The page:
There's plenty to love at new Homer St. Cafe in Vancouver
Every week seems to bring a new restaurant in Vancouver, and so-called foodies can be a fickle bunch, falling in love with one right after another. I’m currently head over heels for Homer St. Cafe and Bar.
There’s the candy apple–red rotisserie, the Maldon sea salt–sprinkled chocolate pudding, and the broccoli—yes, the broccoli—to gush about. But let’s start with the décor.
Formerly home to the Homer Cafe, the digs that now occupy ground floors of both the historic Homer Building and the new Beasley condominium tower have been revamped to stellar effect by Craig Stanghetta (the design guru behind Bao Bai Chinese Brasserie and Meat & Bread), design firm Edison & Sprinkles, and antiques dealer Scott Landon. Split into a few separate dining spaces, the restaurant features white subway tiles on some walls, a vertical row of gargoyles on another, and exposed brick painted white on others. There’s a private room that’s surrounded by restored wood-framed windows and decorated with French farmhouse-style paintings of roosters (a space apparently known as “the cockpit”). There’s a huge portrait of Winston Churchill that used to hang at the Ritz-Carlton in Montreal. There are stunningly elaborate floor tiles in black, ivory, and shale. The place is gorgeous.
That aforementioned red rotisserie is a showpiece of the open kitchen. It’s by Rotisol, a brand that’s been made by the same family since 1954 in France. The Grandes Flammes Millennium is a serious piece of equipment that allows the chicken to cook evenly, the juices remaining sealed in while the fat drips off below. Here, the drippings fall onto a bed of peewee potatoes, which are tossed with roasted lemon.
The day before they go on the spit to cook for about 65 minutes, the birds—which the restaurant sources from Abbotsford’s Rossdown Farms and Farmcrest Foods in Salmon Arm—are soaked in brine, explains executive chef Marc-André Choquette in a follow-up phone call. (Chef “MAC”, whose résumé includes eight years as executive chef at Lumière, splits his time between Homer St. Cafe and its sister restaurant, Tableau Bar Bistro, sharing Homer duties with chef Tret Jordan, formerly of Tableau, Raincity Grill, and Bacchus, among other spots.) What you get is ultra-juicy, ultra-flavourful poultry that’s seasoned with fresh sage, thyme, rosemary, and other herbs that grow in boxes in the restaurant’s rooftop garden.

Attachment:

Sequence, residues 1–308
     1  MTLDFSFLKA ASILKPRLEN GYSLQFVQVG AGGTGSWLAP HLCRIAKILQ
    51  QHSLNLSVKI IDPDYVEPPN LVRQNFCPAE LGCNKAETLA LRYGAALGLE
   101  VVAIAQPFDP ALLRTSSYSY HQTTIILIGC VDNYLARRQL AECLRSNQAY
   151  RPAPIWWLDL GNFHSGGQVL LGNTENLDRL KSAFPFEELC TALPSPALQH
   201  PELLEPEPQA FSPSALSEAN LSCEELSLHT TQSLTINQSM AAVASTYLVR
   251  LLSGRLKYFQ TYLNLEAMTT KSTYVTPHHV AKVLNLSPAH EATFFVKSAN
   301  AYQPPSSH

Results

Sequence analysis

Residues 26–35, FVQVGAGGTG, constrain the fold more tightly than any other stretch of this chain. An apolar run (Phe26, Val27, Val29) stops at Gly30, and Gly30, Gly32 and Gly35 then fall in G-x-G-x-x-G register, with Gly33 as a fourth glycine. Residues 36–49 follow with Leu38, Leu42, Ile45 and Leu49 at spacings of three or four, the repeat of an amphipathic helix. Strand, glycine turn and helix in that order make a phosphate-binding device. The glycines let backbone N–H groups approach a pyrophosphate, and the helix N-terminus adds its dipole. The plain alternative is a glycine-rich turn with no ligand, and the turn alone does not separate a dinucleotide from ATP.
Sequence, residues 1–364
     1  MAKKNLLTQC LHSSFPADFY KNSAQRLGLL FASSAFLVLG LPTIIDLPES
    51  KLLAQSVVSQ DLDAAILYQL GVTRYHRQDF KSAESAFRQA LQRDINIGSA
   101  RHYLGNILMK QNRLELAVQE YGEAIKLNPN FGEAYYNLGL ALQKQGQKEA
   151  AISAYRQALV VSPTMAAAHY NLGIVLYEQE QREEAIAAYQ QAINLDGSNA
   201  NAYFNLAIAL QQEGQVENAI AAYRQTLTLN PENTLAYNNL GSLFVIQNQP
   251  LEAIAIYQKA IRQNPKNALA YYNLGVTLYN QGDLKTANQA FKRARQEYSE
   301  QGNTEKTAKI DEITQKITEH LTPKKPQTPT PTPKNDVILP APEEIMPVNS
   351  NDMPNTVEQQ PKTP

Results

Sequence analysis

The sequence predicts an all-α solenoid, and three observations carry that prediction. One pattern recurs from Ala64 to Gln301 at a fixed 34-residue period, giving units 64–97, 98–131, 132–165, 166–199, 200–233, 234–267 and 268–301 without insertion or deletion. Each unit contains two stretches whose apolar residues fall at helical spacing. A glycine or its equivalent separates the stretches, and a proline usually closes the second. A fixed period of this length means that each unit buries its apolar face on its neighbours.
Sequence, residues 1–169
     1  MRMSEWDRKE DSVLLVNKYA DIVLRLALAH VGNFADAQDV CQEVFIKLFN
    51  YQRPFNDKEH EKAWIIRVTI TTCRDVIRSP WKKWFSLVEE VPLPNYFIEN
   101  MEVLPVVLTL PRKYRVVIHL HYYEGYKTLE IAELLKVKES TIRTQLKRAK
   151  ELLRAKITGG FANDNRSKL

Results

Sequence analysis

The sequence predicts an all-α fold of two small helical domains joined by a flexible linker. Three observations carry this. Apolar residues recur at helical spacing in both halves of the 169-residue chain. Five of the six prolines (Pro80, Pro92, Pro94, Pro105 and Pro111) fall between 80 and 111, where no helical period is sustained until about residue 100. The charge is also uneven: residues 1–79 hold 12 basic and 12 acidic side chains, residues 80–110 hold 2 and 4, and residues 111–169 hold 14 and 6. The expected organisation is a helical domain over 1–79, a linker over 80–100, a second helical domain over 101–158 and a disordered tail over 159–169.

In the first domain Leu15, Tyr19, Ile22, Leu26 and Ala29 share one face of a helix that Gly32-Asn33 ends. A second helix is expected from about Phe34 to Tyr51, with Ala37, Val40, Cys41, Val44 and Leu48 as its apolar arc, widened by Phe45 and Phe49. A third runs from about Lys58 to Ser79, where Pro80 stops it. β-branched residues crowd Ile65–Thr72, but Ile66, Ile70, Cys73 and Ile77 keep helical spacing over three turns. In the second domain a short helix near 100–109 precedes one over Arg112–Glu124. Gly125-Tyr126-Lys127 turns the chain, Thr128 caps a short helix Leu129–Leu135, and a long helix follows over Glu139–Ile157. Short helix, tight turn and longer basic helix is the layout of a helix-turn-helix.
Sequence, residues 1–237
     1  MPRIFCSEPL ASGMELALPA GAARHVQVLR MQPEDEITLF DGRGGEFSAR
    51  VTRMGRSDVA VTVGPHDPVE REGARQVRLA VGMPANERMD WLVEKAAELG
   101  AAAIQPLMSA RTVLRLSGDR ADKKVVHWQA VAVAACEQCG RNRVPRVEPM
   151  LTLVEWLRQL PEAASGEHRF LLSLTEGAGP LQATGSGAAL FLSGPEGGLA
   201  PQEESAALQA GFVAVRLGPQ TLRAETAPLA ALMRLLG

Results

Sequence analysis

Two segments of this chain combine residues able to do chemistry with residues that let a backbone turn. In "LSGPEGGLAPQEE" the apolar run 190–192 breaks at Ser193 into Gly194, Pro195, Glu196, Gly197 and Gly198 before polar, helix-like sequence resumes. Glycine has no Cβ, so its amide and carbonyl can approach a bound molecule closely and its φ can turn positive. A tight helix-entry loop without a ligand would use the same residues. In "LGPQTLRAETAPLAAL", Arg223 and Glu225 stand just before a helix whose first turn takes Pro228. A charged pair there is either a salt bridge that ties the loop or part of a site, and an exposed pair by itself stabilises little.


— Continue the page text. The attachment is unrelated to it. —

“The rotisserie is a little bit like a piano,” Choquette says. “You have to learn to work with it and play with it and adjust it.”
Served by the quarter, half, or whole ($18, $26, or $32 respectively) with those divine peewee potatoes as well as jus and coleslaw, chicken is a staple here, but there’s also a rotating selection of roasted mains featuring lamb, pork, beef, or fish. A must-have side dish is the broccoli bagna càuda. The term means “hot bath”, and the cruciferous veggie is slightly steamed, tossed in a cream-based sauce made with anchovies, onion, and garlic, and topped with Parmesan cheese. I swear, school kids would take this as a recess snack.
The menu also offers design-your-own cheese and charcuterie plates, as well as several starters and a handful of nonrotisserie mains. The citrus-baked steelhead trout, in brown rice and encircled with a yogurt-dill sauce, is tender and tasty.
For dessert, the creamy dark-chocolate pudding is topped with caramelized honeycomb, Maldon sea salt, cocoa nibs, and a little bit of whipped cream. What else do you need to know?
The wine list offers ever-changing rare finds, and the house cocktails make for celebratory starters. I loved An Apple a Day, with green-apple liqueur, chartreuse, rum, and lime and apple juices.
So what’s not to like about Homer St. Cafe? Well, vegetarians won’t be thrilled, unless the menu, which Choquette says will change regularly, begins to offer more meatless and fishless dishes. The albacore-tuna starter, in which some of the fish is seared and some is made into a bland paste, underwhelmed, the highlight of the dish being the Christmassy veggie antipasto. The nonalcoholic drinks are unexciting. And on very busy nights, you might find yourself squished—three of you seated at a table for two, for example.
But no new love interest is perfect; Homer St. Cafe comes awfully close.
Dinner for two with a cocktail, a glass of wine, and an Americano each came to $142 before tax and tip. I took home our not-quite-finished half chicken and made a delicious stock with it. On a previous visit, I shared a whole chicken, a couple of sides, and a dessert with two friends, which made for a light and lovely meal.